Travel

bomba puertorriqueña - santurce, puerto rico

Finally both photos and videos are up. This, my friends, is the most badass dance you'll see if you ever visit Puerto Rico. Bomba is a traditional music- and dance style in Puerto Rico, also one of my favorites (okay who am I kidding really, I love all of them).

"Bomba is a musical expression created in Puerto Rico at the end of the 17th century, by West Africans and their descendants who worked the colonial sugar plantations along the coast of Puerto Rico. Through fiery drum rhythms and improvised dance, the cane workers released feelings of anger, resistance, and sadness about their condition."
You can read more here, also if you find yourself in Santurce (San Juan, Puerto Rico) you should totally check Santurce de Bomba y Plena out.

Missing my island, can't wait to go back <3 

#PRtravelgems // Arrope, Río Piedras

Hey! What are you up to this weekend? I'm celebrating my best friend's birthday, working my party hosting skills and will also be taking it a bit tranquila resting a lot watching football and some good tv-series (guys, have you seen Quantico? No? There's no excuse, bring out your laptop and watch it! Now!).  

I'm a bit excited because today I'm sharing the second #PRtravelgem in the series. I've spent many hours studying + working here and it's seriously one of my favorite spots EVER. Arrope is the name of the place and it's a cafetería with good coffee, food and postres. The ambience is casual and you'll find all kinds of people hanging out here, mostly students and locals I'd say. You can choose between sitting outside and enjoy the warmth + the ambience of the neighbourhood, inside for some good music and AC and if you're in need of an electrical outlet, they even have a special room where you can study somewhat undisturbed with both outlets and desks with space for all of your books.

And of course, there's free wifi. 

I've never tried their food but I have however got myself some of their postres and I'm telling you this as a friend who cares a whole lot about you... DUDE! You gotta try their pan de maíz, it's amazing. Together with a cup of coffee of course.

And speaking of coffee, their cappuccino is really good, just as their café colao. 

Not only can you get something good to eat and drink here, Arrope also happens to have an awesome staff. I've lost count of how many times they've made my bad days good days, and good days even better, and how much I've appreciated their kindness + all of their awesome. 

You can find Arrope at Calle Consuelo Carbó #51 in Río Piedras, San Juan, just around the corner of Avenida Universidad where you'll also find everything from supermarkets and pharmacies to nightclubs and restaurants.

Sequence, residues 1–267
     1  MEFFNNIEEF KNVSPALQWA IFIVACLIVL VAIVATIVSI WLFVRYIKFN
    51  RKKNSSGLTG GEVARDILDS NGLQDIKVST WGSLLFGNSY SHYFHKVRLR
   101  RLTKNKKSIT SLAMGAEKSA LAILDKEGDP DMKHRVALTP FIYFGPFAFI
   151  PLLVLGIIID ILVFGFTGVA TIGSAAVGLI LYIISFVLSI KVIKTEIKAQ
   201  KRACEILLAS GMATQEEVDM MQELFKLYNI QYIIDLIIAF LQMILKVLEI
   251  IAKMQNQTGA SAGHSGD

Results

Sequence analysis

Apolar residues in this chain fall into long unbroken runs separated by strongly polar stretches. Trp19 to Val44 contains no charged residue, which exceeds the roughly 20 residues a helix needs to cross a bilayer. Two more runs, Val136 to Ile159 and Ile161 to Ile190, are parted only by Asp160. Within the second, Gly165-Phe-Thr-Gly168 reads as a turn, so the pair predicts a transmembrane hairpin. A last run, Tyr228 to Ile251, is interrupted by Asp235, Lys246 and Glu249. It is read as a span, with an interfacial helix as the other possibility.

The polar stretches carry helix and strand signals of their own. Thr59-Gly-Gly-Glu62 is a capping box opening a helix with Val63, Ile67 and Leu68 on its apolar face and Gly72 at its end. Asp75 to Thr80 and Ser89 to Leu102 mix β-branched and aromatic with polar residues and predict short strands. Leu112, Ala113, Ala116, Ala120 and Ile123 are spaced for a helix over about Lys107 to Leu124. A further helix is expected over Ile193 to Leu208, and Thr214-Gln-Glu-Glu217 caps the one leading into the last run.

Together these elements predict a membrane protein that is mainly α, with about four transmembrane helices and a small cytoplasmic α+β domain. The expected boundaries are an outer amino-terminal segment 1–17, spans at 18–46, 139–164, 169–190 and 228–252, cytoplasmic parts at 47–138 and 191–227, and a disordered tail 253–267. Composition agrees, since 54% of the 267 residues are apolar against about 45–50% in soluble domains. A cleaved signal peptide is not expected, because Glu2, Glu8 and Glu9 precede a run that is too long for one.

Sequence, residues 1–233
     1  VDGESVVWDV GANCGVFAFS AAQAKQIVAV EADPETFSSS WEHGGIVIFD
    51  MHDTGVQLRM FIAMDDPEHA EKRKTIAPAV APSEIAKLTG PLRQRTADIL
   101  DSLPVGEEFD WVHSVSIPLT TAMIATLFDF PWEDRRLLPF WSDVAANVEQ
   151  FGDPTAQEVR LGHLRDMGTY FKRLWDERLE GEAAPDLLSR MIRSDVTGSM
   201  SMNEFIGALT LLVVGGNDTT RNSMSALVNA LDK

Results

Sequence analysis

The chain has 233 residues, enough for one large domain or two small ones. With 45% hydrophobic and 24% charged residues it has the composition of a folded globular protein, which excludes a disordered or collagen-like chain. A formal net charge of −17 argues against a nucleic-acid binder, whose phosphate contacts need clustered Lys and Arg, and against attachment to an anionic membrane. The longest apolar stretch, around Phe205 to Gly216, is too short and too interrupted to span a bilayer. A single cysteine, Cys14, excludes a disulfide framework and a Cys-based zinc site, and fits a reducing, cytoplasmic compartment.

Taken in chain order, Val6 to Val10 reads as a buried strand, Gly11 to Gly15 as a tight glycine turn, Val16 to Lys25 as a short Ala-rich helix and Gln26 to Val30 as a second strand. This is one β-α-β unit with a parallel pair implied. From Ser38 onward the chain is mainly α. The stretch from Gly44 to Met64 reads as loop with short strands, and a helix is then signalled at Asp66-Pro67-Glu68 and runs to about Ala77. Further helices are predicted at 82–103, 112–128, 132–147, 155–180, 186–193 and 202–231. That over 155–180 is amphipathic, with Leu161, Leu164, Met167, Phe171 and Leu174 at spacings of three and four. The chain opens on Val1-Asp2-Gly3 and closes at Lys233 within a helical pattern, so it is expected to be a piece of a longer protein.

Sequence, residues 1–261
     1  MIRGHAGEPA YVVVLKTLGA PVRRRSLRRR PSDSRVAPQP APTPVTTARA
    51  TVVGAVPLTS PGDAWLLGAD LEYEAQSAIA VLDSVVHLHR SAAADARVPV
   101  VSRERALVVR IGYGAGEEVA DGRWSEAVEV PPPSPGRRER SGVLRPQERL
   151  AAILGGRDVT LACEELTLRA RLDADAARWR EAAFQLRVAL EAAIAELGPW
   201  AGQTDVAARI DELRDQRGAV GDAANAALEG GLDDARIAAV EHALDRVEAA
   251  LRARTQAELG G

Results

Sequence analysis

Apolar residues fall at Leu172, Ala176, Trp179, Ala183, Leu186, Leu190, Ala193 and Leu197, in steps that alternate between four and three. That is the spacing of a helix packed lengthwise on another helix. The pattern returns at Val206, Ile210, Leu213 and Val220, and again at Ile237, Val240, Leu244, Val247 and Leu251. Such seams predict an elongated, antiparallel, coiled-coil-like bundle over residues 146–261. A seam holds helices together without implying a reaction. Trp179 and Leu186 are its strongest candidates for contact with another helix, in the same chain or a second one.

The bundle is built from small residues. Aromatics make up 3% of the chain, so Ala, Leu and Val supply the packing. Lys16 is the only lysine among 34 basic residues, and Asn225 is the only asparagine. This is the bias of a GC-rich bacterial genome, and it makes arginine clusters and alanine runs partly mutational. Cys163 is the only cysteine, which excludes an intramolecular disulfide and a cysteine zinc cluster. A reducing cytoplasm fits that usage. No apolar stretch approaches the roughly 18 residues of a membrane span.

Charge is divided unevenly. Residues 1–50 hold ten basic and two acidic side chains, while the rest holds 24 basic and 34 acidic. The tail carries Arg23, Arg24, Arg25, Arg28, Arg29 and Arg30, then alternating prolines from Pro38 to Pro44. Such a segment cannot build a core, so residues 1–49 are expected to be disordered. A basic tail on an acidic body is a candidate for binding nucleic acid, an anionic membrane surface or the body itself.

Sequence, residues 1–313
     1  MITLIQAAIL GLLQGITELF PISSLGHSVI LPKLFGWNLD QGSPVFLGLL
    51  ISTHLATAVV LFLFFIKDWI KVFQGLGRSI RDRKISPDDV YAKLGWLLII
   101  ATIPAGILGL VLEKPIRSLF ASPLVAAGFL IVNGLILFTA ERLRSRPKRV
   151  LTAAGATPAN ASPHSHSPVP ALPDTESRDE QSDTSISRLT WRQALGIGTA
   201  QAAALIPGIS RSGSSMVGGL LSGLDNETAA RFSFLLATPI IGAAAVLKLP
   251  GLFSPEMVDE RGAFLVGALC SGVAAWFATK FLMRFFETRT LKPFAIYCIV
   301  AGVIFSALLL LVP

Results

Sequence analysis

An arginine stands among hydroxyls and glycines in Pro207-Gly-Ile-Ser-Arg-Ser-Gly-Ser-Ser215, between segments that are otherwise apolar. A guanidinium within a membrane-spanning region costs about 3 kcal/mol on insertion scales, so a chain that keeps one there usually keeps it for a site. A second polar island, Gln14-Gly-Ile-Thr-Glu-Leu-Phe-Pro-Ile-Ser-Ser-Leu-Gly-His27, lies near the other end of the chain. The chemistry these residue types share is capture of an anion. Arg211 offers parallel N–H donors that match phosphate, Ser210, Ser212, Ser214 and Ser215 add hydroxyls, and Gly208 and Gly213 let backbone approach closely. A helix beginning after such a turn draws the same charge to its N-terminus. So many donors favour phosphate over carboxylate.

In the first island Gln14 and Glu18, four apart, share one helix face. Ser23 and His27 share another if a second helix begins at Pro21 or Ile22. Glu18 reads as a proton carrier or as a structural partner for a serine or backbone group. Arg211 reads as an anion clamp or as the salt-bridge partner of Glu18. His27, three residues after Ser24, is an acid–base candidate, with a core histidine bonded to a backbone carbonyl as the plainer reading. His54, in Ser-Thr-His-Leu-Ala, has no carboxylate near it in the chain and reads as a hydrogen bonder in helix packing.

Arrope is definitivamente el mejor lugar para un cafecito en Río Piedras - or as you'd say it in english,  definitely the best place to get yourself a coffee in Río Piedras!

exploring the island - islote, puerto rico

So, me and one of my mains decided to go to Arecibo - the geographically largest city on the island. The municipio is about 50 miles (80km) driving distance from San Juan and is one of those places that basically equals heaven on earth (even that being an understatement). 

We were so lucky to have a local friend of ours giving us a tour, showing us some of the most breathtaking places in Islote which is one of the  "barrios" in Arecibo. Although we didn’t have many hours to explore the place this time around, it was enough time for me to fall in love with the place. Perhaps, now, you will fall in love too.   

Before heading to the beach and the caves, our friend so kindly took us to one of the places he works at, which pretty much equalled us sipping fresh coconut water and scooping out deliciousness from newly harvested coconuts. 

En camino a las cuevas... // On our way to the caves...

At, on top of and inside Cueva del Indio. Listening to the amazing stories our friend had to tell us about the archeological site, not only the history regarding los taínos - this being a place in which you can find drawings from the taíno indians who lived in the area Prehistoric Era  - but also about the importance this place also had to himself as a kid - this, according to me, being the most badass playground a child can have.

Still wondering why Puerto Ricans are so damn proud of their country? ;)

Qué belleza, verdad? 

How to celebrate a Puerto Rican Christmas

December and January might just be the best time to live in Puerto Rico. When it comes to Christmas - Puerto Rico definitivamente lo hace mejor! You will find the most prettiest over-the-top Christmas decorations everywhere, the food is even more amazing than your everyday Puerto Rican comida (like that is even possible), there’s Christmas music playing everywhere and although there's absolutely no signs of snow (maybe an ugly Christmas sweater or two) the Christmas spirit is incredibly present. I’m telling you. When it comes to Christmas - there’s definitely no half-ass jingling happening - los Puertorriqueños jingle aaall the way!